Back to Publications

EPA’s Indian Country Minor Source Rule: How is It Working?

Colin G. Harris, Air Quality Issues Affecting Oil, Gas, and Mining Development in the West

A. Native American lands hold great potential for energy development. For example, the total value of oil, gas and coal extracted from such lands and sold in 2011 was $3.5 billion, up from $2.8 billion in FY 2010, according to the Government Accountability Office (GAO).1 Some estimate that the Bakken oil and gas fields in North Dakota alone, which in large part underlie a reservation, will yield up to twenty-four billion barrels of oil when fully developed.2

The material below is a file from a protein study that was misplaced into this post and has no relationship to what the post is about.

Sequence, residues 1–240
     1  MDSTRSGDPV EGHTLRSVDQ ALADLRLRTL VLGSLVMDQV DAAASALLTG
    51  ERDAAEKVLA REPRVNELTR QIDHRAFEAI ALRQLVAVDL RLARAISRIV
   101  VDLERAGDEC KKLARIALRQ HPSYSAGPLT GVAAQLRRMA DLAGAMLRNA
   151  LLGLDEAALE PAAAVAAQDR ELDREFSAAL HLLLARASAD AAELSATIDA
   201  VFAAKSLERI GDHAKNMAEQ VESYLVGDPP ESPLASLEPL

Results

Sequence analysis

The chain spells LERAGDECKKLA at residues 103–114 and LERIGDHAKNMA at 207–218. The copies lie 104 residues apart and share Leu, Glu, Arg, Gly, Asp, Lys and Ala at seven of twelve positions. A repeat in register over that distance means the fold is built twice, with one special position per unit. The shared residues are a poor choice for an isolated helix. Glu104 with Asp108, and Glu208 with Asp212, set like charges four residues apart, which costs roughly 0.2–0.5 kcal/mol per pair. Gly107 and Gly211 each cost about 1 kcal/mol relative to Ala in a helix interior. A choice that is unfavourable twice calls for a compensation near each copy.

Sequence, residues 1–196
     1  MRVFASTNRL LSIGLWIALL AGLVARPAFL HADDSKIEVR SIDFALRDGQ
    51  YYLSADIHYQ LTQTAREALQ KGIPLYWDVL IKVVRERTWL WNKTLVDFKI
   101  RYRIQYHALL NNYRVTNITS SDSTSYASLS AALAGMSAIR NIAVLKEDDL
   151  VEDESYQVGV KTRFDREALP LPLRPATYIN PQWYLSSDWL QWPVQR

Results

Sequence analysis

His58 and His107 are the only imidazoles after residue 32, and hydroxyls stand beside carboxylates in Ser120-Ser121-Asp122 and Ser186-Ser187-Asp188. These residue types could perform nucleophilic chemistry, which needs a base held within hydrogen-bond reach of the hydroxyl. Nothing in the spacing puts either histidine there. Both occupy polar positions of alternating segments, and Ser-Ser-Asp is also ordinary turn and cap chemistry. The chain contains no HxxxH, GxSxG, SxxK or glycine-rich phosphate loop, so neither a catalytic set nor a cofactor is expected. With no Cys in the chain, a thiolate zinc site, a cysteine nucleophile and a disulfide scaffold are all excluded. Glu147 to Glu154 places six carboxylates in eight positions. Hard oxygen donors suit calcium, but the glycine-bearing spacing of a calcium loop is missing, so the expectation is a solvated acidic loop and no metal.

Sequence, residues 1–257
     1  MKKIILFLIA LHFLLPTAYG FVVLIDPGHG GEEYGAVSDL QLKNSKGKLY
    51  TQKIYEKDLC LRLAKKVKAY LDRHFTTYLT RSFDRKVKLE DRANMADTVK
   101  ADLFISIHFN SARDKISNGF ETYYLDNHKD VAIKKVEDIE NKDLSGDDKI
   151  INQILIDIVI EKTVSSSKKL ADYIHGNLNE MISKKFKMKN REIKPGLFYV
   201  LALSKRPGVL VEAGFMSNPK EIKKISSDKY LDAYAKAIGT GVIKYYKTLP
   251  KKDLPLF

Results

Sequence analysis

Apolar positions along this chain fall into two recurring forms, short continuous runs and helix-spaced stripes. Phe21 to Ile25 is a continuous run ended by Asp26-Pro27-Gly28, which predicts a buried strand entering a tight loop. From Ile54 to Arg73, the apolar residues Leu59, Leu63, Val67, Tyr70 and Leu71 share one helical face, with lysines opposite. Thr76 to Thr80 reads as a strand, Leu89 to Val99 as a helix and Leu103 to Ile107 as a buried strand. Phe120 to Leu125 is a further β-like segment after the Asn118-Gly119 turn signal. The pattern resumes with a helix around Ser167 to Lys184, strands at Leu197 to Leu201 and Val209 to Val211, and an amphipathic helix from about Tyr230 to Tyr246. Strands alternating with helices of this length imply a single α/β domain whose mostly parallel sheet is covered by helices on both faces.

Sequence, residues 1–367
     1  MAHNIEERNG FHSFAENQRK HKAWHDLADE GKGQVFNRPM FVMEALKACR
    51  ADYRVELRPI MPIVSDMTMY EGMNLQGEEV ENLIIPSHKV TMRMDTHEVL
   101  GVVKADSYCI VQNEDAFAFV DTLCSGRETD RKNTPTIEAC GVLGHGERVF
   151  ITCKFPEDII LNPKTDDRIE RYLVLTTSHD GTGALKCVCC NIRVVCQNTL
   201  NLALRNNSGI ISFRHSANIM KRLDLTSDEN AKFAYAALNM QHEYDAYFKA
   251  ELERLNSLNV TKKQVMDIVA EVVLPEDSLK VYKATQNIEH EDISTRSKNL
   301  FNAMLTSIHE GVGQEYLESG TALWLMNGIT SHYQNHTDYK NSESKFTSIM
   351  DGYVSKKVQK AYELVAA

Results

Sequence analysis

B. The authority to regulate energy development in “Indian Country”3 is a complex issue. There are three overarching jurisdictional principles that apply to any question regarding activities on tribal land.4 First, tribes have inherent sovereignty that exists independent of legislation or treaty. While not dependent on any grant by the United States, tribal sovereignty is recognized in the Constitution, case law, legislation and treaty. Tribes generally enjoy broad self-government. They may have their own laws and court systems that function entirely separately from state and federal law. Second, tribal self-rule is not unlimited. The United States often retains significant authority over certain activities in Indian Country. The United States is obligated to balance its own authority with the sovereignty of tribes, and to act in the best interests of tribes pursuant to what is known as a “trust” or special relatio